The Effect of Mergers on US Bank Risk in the Short Run and in the Long Run
47 Pages Posted: 9 Aug 2017 Last revised: 29 Sep 2019
Date Written: January 1, 2019
We examine changes in risk following US bank mergers in the period 1981-2014. Short-run increases in acquirer risk following mergers occur only in the first few mergers undertaken by the same acquirer, and only in systematic risk. The equity volatility of acquirers does not increase. Using a new approach to measure the long-run effect we find that these results persist, consistent with banks maintaining a constant level of total equity risk in the long run. Constant acquirer risk means that all diversification benefits of the mergers are dissipated. We measure the loss of diversification associated with mergers and find it to be 40% of the risk level in 1981. Almost all of this occurred prior to 2004. In addition, there has been a large increase in correlations between the largest banks, much of which has come from sources other than mergers. The results are inconsistent with these mergers being motivated by the ‘too big to fail’ put. They suggest that if one wanted to reduce the risk of the banking system by demerging major banks one would have to reach back to the structure that existed before 2004. Simply reversing recent mergers would not have much effect on stock market measures of risk.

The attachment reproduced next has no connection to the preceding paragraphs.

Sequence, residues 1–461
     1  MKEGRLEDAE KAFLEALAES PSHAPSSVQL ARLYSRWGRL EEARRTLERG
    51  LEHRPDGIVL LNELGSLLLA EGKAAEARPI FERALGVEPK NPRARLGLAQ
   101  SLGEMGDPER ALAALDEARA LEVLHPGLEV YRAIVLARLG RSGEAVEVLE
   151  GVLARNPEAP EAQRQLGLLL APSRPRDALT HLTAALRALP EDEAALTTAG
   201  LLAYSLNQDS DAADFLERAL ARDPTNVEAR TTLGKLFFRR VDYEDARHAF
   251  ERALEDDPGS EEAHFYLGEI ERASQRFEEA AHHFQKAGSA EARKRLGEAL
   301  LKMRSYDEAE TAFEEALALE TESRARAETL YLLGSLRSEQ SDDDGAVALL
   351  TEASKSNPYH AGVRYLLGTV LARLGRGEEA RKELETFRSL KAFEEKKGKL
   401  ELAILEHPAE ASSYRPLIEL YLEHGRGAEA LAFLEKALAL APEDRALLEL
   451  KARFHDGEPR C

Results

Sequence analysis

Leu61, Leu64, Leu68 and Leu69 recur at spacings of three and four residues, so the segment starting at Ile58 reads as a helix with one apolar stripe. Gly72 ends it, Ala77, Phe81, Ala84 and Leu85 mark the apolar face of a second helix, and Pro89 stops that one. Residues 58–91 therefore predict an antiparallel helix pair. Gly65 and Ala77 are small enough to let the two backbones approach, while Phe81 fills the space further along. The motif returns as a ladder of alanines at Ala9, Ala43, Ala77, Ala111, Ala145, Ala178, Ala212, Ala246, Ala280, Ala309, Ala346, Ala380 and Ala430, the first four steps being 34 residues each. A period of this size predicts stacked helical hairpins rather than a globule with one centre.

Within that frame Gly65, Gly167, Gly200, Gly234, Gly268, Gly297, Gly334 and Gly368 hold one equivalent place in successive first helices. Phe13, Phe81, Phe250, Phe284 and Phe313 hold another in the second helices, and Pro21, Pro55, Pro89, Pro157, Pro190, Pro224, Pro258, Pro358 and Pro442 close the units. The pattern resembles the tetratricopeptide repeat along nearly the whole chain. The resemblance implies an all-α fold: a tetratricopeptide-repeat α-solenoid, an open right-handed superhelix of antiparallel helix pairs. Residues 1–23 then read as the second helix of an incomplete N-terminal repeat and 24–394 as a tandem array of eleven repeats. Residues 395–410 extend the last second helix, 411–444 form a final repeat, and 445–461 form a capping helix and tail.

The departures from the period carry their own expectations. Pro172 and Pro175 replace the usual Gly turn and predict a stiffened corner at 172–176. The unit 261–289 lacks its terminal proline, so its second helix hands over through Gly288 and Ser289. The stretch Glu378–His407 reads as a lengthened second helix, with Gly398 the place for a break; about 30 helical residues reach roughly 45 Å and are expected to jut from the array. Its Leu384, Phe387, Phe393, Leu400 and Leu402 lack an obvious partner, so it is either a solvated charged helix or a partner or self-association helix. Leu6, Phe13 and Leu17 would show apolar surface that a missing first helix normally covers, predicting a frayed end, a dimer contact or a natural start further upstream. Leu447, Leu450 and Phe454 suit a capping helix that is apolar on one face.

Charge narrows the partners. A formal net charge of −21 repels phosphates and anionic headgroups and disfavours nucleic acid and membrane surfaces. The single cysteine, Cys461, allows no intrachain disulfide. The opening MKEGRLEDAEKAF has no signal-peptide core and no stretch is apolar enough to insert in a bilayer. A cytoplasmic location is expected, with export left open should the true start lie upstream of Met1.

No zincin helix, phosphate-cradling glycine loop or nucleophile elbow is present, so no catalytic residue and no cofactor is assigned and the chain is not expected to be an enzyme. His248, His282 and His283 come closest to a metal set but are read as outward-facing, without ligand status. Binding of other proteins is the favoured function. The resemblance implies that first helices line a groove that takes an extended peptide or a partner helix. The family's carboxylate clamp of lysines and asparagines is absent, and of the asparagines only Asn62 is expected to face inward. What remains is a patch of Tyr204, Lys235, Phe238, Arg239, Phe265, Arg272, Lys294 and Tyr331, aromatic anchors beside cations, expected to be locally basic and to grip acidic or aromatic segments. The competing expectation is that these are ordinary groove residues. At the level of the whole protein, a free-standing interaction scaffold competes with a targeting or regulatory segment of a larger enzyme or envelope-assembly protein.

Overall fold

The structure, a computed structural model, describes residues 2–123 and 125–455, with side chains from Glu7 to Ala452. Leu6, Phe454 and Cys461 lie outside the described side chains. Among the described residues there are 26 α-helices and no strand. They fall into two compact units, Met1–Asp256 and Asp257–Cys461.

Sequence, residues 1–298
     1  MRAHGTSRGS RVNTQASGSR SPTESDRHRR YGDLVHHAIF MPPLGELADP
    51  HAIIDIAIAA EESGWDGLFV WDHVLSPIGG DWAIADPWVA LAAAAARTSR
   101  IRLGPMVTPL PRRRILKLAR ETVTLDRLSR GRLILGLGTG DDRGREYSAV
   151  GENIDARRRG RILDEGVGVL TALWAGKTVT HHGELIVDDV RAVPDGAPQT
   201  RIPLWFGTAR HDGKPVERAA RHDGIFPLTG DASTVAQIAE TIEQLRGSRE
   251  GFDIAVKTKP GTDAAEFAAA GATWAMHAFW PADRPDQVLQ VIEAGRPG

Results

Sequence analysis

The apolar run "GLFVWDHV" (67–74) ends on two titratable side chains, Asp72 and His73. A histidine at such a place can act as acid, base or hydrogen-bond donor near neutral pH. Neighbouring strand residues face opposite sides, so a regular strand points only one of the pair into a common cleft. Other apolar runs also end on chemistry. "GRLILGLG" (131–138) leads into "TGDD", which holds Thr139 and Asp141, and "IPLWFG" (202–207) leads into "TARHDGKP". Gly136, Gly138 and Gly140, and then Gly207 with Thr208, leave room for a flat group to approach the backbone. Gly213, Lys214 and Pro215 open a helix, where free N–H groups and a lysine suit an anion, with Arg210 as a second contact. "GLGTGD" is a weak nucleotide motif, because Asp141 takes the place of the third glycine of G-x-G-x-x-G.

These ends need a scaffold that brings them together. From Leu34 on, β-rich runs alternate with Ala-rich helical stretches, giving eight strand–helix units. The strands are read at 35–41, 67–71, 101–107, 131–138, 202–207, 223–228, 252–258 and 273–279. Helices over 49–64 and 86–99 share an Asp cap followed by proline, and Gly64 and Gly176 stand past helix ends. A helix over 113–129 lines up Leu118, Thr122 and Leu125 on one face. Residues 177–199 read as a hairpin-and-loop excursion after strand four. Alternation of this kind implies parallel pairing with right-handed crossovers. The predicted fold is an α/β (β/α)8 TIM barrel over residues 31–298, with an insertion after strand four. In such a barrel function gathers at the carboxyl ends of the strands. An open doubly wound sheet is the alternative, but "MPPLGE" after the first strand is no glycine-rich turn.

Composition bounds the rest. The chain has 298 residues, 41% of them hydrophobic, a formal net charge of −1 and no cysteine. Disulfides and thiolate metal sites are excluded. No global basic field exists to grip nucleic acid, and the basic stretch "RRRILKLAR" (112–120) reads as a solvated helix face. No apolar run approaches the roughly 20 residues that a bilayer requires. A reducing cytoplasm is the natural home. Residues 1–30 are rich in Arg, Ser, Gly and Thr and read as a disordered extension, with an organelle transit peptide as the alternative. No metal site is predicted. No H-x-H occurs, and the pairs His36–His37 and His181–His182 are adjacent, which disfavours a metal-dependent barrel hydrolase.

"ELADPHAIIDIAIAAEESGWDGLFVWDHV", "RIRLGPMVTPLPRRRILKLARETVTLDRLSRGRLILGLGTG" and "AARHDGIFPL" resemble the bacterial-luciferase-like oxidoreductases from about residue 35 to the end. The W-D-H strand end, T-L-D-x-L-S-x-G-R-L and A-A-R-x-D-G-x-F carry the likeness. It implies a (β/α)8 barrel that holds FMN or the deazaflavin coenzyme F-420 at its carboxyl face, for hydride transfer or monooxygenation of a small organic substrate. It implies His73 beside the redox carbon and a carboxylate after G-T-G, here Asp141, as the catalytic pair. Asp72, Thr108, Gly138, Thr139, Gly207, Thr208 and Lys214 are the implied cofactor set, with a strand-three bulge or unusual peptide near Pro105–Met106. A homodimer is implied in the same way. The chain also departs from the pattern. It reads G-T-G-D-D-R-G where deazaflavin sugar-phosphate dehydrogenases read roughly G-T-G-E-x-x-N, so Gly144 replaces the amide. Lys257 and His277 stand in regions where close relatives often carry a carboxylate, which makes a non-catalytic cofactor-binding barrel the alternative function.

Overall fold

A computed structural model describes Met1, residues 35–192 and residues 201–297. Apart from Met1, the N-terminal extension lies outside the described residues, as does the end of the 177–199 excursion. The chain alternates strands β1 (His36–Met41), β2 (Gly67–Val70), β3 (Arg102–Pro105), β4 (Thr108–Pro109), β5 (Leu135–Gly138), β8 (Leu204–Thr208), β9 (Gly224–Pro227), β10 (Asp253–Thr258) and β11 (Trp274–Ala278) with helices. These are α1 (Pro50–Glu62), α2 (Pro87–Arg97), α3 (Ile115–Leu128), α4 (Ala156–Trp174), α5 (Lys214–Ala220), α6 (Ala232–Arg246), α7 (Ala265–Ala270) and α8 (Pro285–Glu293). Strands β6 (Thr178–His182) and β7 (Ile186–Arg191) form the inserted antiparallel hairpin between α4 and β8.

Keywords: bank mergers, bank risk, bank regulation, too big to fail, concentration-fragility
JEL Classification: G01, G21, G28, G32, G34
Suggested Citation: Suggested Citation